Can technology unravel the secrets sealed by Mt. Vesuvius 2,000 years ago?

You’ve heard of Pompeii, the ancient Roman city destroyed when Mt. Vesuvius erupted in A.D. 79. Less well known is the neighboring city of Herculaneum, also buried by the volcano. When the city was re-discovered in the 1700s, excavators found what could be the richest repository of ancient Western wisdom: a library filled with papyrus scrolls. Scholars think there could be unknown Greek and Latin masterpieces, possibly early Christian writings, even the first references to Jesus. The problem is, the volcanic heat left the scrolls so charred and brittle, no one has been able to open them without breaking them into pieces. We heard three scholars might finally have found a way to unravel the mystery of the scrolls. So we traveled to Italy to see what we could uncover about the scrolls of Herculaneum.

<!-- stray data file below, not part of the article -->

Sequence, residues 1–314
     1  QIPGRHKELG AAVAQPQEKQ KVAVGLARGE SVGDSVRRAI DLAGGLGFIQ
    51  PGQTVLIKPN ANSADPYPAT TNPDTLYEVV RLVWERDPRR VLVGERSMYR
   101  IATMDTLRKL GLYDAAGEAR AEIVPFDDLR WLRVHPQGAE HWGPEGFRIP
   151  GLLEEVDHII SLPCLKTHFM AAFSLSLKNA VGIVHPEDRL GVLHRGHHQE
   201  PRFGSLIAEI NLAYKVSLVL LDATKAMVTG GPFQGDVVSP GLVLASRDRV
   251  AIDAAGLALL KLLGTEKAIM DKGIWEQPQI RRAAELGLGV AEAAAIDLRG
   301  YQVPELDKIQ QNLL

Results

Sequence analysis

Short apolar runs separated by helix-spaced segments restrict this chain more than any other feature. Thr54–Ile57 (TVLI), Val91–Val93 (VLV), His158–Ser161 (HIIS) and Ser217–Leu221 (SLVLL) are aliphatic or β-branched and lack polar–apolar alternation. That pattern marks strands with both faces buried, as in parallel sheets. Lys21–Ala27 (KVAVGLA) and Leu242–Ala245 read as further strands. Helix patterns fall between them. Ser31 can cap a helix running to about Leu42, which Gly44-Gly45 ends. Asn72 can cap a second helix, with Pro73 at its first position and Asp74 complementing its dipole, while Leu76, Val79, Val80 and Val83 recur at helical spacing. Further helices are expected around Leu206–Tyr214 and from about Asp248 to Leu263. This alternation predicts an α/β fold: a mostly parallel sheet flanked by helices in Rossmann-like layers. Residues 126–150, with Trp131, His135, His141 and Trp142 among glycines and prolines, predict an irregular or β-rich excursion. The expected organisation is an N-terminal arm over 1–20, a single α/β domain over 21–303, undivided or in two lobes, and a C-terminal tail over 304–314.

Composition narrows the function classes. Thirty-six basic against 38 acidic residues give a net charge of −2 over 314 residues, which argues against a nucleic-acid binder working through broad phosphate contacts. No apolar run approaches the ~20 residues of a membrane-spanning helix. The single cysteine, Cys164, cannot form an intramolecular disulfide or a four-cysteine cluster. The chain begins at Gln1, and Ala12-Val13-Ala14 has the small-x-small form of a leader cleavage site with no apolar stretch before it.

The Italian city of Ercolano sits along the Bay of Naples on the western slope of Mt. Vesuvius.  The city bustles with the chaos of Italian traffic and the easy flow of Italian life. It’s not a wealthy place, but beneath these narrow streets lies buried treasure, the ancient Roman seaside town of Herculaneum entombed along with Pompeii in A.D. 79. The modern city is built on top of the ancient city.

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